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Biden suffers new blow as jab mandate blocked

By AI HEPING in New York | CHINA DAILY | Updated: 2022-01-15 10:46

US President Joe Biden delivers remarks in the South Court Auditorium at the White House in Washington, Jan 14, 2022. [Photo/Agencies]

The United States Supreme Court delivered a blow to President Joe Biden on Thursday, blocking his COVID-19 vaccination-or-testing mandate for employees of large businesses.

The 6-3 vote on the employer mandate came as coronavirus cases reached a new high of 1.4 million early this past week and have strained hospitals across the country, mainly with unvaccinated patients. The administration estimated that the mandate would make 22 million people get vaccinations and prevent 250,000 hospitalizations.

Vaccinations have become a politically polarizing issue in the US, where approximately 63 percent of the population is fully vaccinated.

Biden said he was "disappointed" in the court's decision striking down his mandate for businesses with 100 employees or more to vaccinate or test their workers for COVID-19.

"I am disappointed that the Supreme Court has chosen to block common sense lifesaving requirements for employees at large businesses that were grounded squarely in both science and the law," he said.

The president welcomed the requirement that healthcare workers be vaccinated, saying it would affect nearly 10 million people working at facilities receiving federal funds and will "save lives".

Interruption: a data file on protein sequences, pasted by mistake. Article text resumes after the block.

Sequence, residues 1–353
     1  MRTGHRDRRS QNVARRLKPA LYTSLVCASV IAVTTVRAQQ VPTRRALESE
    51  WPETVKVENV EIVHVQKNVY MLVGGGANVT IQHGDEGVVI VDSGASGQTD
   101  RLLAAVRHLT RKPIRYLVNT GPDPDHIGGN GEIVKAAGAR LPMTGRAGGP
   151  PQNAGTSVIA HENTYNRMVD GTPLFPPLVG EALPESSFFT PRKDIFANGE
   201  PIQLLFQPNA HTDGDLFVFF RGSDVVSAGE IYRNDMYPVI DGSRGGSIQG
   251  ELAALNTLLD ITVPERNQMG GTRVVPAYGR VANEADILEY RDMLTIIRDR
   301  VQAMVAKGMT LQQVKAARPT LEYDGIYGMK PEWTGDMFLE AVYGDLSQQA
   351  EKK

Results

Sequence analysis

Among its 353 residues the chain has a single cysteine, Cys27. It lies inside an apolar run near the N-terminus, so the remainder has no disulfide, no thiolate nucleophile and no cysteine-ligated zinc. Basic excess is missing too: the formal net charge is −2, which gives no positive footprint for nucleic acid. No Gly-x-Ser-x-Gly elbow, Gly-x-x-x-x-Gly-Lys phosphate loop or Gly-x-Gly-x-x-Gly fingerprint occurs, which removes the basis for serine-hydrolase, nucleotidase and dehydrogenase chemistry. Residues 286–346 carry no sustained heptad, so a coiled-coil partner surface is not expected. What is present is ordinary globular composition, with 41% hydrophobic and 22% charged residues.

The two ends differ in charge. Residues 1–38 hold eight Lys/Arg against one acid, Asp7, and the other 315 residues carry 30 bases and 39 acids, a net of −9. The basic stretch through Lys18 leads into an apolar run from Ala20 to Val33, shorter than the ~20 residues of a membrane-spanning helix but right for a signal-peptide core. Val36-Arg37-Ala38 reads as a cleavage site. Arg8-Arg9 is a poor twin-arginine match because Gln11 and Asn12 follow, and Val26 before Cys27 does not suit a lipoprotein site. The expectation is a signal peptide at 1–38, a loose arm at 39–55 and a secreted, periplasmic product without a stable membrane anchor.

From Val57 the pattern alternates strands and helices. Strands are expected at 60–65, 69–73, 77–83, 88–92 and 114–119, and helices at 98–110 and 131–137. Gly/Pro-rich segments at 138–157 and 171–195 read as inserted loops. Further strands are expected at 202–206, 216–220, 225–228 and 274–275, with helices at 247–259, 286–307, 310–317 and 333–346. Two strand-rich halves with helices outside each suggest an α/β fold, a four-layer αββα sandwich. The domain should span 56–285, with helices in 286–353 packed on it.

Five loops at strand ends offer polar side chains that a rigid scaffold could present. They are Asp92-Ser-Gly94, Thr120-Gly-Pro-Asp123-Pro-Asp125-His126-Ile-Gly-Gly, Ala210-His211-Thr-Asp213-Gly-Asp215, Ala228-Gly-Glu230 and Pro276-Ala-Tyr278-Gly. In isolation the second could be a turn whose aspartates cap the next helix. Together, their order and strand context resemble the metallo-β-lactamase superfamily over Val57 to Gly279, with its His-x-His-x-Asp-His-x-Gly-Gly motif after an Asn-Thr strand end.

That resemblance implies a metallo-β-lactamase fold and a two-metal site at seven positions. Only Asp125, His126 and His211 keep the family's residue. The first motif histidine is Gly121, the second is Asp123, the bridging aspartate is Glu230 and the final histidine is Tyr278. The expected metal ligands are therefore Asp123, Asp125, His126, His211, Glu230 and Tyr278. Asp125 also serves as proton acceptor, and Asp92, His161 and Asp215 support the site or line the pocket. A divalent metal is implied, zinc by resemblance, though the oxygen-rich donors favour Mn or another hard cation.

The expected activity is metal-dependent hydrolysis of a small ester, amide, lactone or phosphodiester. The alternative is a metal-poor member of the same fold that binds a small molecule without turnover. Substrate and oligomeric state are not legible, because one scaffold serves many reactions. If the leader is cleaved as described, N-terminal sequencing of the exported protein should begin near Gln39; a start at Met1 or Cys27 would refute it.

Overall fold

After months of public appeals to get people vaccinated against COVID-19, which has killed more than 845,000 people in the country, Biden announced in September that he was making vaccinations compulsory at large private companies.

Unvaccinated employees would have to present weekly negative tests and wear face masks while at work.

Federal agency Occupational Safety and Health Administration gave businesses until Feb 9 to be in compliance with the rules or face the possibility of fines.

But the court's six conservative justices ruled the mandate would represent a "significant encroachment into the lives-and health-of a vast number of employees".

"Although Congress has indisputably given OSHA the power to regulate occupational dangers, it has not given that agency the power to regulate public health more broadly," they said.

"Requiring the vaccination of 84 million Americans, selected simply because they work for employers with more than 100 employees, certainly falls in the latter category."

The three liberal justices dissented, saying that the ruling "stymies the federal government's ability to counter the unparalleled threat that COVID-19 poses to our nation's workers".

Agencies contributed to this story.

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